And then we saw the lightning, and that was the guns; and then we heard the thunder, and that was the big guns; and then we heard the rain falling, and that was the drops of blood falling; and when we came to get in the crops, it was dead men that we reaped.[10]

After the battle, while the survivors counted the devastating casualties, the wounded went to segregated field hospitals. Clara Barton greeted the White officers when they arrived at Hilton Head, while the Black rank and file returned to Beaufort and entered the care of Harriet Tubman.[11]

Tubman’s experiences with the 54th Massachusetts, and in the Civil War as a whole, influenced her life for decades to come. She struggled to receive recognition and compensation from the United States government for her wartime service. Her pension application, filed in 1897, claimed “three years services as nurse and cook in hospitals, and as commander of Several Men (Eight or nine) as scouts during the late War of the Rebellion.”[12] Despite Harriet Tubman’s role as the first American woman to lead a military action in wartime, Congress only recognized her work as a nurse when they granted her pension request.[13]

Harriet Tubman in Boston
An elderly Harriet Tubman, wearing at least one medal on her coat, in the vicinity of the 54th Massachusetts memorial on Boston Common. “When asked to pose for The Herald photographer she gladly consented, and placed herself so she would look at her best.”

Boston Herald, May 31, 1905.

During a trip to Boston in 1900, Harriet Tubman visited the newly-dedicated memorial to Robert Gould Shaw and the soldiers of the 54th Massachusetts. A journalist encountered her at the memorial and described how she “gazed long and tenderly on the magnificent work of the sculptor and dropped a silent tear for the departed dead.”[14] The resulting article in the Boston Herald primarily emphasized Tubman’s safe, matronly role as “Shaw’s nurse,” who served the young colonel his last meal and healed his wounded soldiers. It briefly referenced her scouting work, but only described its objective as smuggling “medicines and other goodies” to US forces, ignoring her significant role in gathering military intelligence. The daring woman who led the Combahee River Raid a month and a half before the assault on Fort Wagner vanished from the story entirely.

Observers trimmed out or simplified the parts of Tubman’s story they deemed inconvenient, leaving behind a version of her life that reflects little more than what they thought safe and comfortable. They emphasized her role as the gentle, nurturing “Mother Tubman,” discarding the strong, assertive military and underground railroad operative that defied pro-slavery laws and challenged 19th century assumptions about the female sphere. Just one year after Tubman’s death, Booker T. Washington:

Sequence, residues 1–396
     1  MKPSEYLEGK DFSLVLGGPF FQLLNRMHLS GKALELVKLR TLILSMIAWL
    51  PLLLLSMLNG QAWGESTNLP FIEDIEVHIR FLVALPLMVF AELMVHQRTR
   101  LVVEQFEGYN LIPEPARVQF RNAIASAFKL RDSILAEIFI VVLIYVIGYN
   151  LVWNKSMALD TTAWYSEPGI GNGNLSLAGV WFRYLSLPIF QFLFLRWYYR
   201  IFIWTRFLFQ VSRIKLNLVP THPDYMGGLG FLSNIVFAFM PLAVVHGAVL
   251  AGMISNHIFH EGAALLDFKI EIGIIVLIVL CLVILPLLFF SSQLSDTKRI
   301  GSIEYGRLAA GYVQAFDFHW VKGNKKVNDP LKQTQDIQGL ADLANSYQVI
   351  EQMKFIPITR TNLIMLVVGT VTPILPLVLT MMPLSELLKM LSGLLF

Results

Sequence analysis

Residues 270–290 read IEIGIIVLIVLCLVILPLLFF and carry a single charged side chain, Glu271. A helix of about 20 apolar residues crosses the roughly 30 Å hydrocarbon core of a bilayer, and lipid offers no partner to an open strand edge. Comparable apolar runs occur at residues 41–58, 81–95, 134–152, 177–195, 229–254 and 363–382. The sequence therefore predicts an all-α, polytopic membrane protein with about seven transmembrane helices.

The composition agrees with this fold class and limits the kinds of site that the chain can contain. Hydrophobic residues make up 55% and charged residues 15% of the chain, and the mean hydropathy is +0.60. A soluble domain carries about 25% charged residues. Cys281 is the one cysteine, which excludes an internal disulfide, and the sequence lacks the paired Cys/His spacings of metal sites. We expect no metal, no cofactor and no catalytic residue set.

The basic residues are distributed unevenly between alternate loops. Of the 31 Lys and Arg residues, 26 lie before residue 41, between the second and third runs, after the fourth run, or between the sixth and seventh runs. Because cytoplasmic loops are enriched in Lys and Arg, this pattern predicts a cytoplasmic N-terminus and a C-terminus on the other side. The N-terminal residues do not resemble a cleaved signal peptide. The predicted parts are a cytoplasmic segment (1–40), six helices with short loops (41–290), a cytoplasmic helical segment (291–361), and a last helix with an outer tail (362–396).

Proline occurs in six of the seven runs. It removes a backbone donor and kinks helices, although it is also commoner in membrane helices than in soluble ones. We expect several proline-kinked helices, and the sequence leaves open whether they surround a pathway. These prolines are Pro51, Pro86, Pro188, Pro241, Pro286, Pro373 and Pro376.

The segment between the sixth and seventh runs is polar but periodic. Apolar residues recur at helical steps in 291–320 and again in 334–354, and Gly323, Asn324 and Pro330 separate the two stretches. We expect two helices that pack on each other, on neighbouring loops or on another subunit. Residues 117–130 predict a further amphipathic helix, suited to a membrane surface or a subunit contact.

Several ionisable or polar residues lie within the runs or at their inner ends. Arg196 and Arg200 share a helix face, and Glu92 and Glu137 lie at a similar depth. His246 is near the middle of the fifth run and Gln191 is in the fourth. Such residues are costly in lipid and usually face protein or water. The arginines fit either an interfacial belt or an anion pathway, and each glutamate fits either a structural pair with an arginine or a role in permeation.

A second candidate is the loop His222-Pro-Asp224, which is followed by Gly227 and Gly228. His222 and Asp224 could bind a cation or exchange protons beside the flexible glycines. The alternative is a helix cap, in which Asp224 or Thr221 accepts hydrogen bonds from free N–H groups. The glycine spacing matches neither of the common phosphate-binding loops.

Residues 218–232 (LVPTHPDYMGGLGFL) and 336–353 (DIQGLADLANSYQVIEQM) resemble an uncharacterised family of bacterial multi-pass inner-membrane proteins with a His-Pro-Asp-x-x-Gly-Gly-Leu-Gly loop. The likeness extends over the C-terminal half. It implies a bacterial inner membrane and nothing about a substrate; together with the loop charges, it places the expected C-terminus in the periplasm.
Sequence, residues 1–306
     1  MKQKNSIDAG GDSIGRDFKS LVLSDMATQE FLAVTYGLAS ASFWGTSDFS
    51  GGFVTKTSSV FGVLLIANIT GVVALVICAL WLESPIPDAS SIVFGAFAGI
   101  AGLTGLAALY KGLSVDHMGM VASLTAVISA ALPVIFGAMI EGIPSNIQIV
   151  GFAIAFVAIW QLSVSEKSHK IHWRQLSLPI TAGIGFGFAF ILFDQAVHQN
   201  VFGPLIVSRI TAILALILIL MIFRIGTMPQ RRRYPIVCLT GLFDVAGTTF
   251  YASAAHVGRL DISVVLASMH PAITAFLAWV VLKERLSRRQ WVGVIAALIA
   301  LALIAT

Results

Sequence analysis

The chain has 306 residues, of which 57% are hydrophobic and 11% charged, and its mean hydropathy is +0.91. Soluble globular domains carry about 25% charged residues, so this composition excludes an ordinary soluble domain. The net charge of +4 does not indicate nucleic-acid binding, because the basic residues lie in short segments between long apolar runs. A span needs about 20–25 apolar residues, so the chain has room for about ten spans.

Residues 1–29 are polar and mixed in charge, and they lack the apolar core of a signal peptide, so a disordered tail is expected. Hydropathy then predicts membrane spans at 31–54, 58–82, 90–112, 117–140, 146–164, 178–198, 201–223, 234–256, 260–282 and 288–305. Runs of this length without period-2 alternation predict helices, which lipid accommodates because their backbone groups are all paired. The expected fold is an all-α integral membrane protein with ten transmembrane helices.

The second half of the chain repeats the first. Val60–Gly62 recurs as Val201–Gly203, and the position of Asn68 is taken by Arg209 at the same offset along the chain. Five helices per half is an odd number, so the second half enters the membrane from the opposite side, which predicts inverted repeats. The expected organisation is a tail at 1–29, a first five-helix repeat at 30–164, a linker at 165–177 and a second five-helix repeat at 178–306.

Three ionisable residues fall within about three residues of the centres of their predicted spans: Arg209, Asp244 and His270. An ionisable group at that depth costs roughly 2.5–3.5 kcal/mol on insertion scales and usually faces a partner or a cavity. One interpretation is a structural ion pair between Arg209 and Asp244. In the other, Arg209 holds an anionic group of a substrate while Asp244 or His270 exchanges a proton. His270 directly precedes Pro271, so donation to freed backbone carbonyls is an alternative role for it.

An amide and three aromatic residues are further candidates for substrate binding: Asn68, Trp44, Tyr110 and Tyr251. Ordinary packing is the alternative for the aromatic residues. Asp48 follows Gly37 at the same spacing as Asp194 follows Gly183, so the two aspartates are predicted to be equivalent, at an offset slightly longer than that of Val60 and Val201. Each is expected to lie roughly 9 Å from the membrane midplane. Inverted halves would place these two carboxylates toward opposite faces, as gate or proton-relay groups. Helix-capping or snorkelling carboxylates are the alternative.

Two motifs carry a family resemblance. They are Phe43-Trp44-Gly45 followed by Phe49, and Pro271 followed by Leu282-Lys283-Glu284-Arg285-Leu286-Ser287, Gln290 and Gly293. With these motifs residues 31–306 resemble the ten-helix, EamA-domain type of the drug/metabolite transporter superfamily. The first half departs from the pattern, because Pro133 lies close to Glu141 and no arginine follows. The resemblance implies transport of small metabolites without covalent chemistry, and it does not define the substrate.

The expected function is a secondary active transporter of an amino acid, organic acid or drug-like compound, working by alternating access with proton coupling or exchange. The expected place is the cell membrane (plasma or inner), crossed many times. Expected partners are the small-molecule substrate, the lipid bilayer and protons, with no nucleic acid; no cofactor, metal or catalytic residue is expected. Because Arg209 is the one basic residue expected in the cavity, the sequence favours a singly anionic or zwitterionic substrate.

celebrated her ‘law-abiding’ nature and asserted that her ‘devotion to duty’ was exemplary of ‘the best types of our race,’ in contrast to ‘the criminal Negro’ Washington made a point to disparage. However, such rhetorics insist that we remember Tubman by forgetting her.[15]

The process of remaking Harriet Tubman began early, even during her lifetime. She endures as a household name today, but only rarely do we glimpse the full picture.

Contributed by Megan Linger, Park Guide


Footnotes:

[1] Catherine Clinton, Harriet Tubman: The Road to Freedom (New York: Little, Brown and Company, 2004), eBook location 311.

[2] Clinton, eBook location 347.

[3] Brian Dirck, “By the Hand of God: James Montgomery and Redemptive Violence,” Kansas History: A Journal of the Central Plains 27 (Spring-Summer 2004): 101.

[4] Clinton, eBook location 349.

[5] Luis Fenollosa Emilio, History of the Fifty-Fourth Regiment of Massachusetts Volunteer Infantry, 1863-1865 (Boston: Boston Book Company, 1894), 36.

[6] Emilio, 41-43.

[7] Russell Duncan, ed., Blue-Eyed Soldier of Fortune: The Civil War Letters of Colonel Robert Gould Shaw (Athens, GA: University of Georgia, 1992), 343.

[8] Clinton, eBook location 363.

[9] Clinton, eBook location 365-366.

[10] Clinton, eBook location 370.

[11] Clinton, eBook location 368.

[12] Harriet Tubman, General Affidavit, 1897, Government Form, from National Archives, Records of the U.S. House of Representatives, http://archives.gov/legislative/features/claim-of-harriet-tubman (accessed July 23, 2020).

[13] U.S. Congress, House, A Bill Granting a Pension to Harriet Tubman Davis, Late a Nurse in the United States Army, HR 4982, 55th Cong., 3rd sess., amended January 19, 1899, http://archives.gov/legislative/features/claim-of-harriet-tubman (accessed July 23, 2020).

[14] “Shaw’s Nurse at Memorial,” Boston Herald, May 31, 1900.

[15] Vivian M. May, “Under-Theorized and Under-Taught: Re-examining Harriet Tubman’s Place in Women’s Studies,” Meridians 12, no. 2, Harriet Tubman: a Legacy of Resistance (2014): 38.

Last updated: December 10, 2020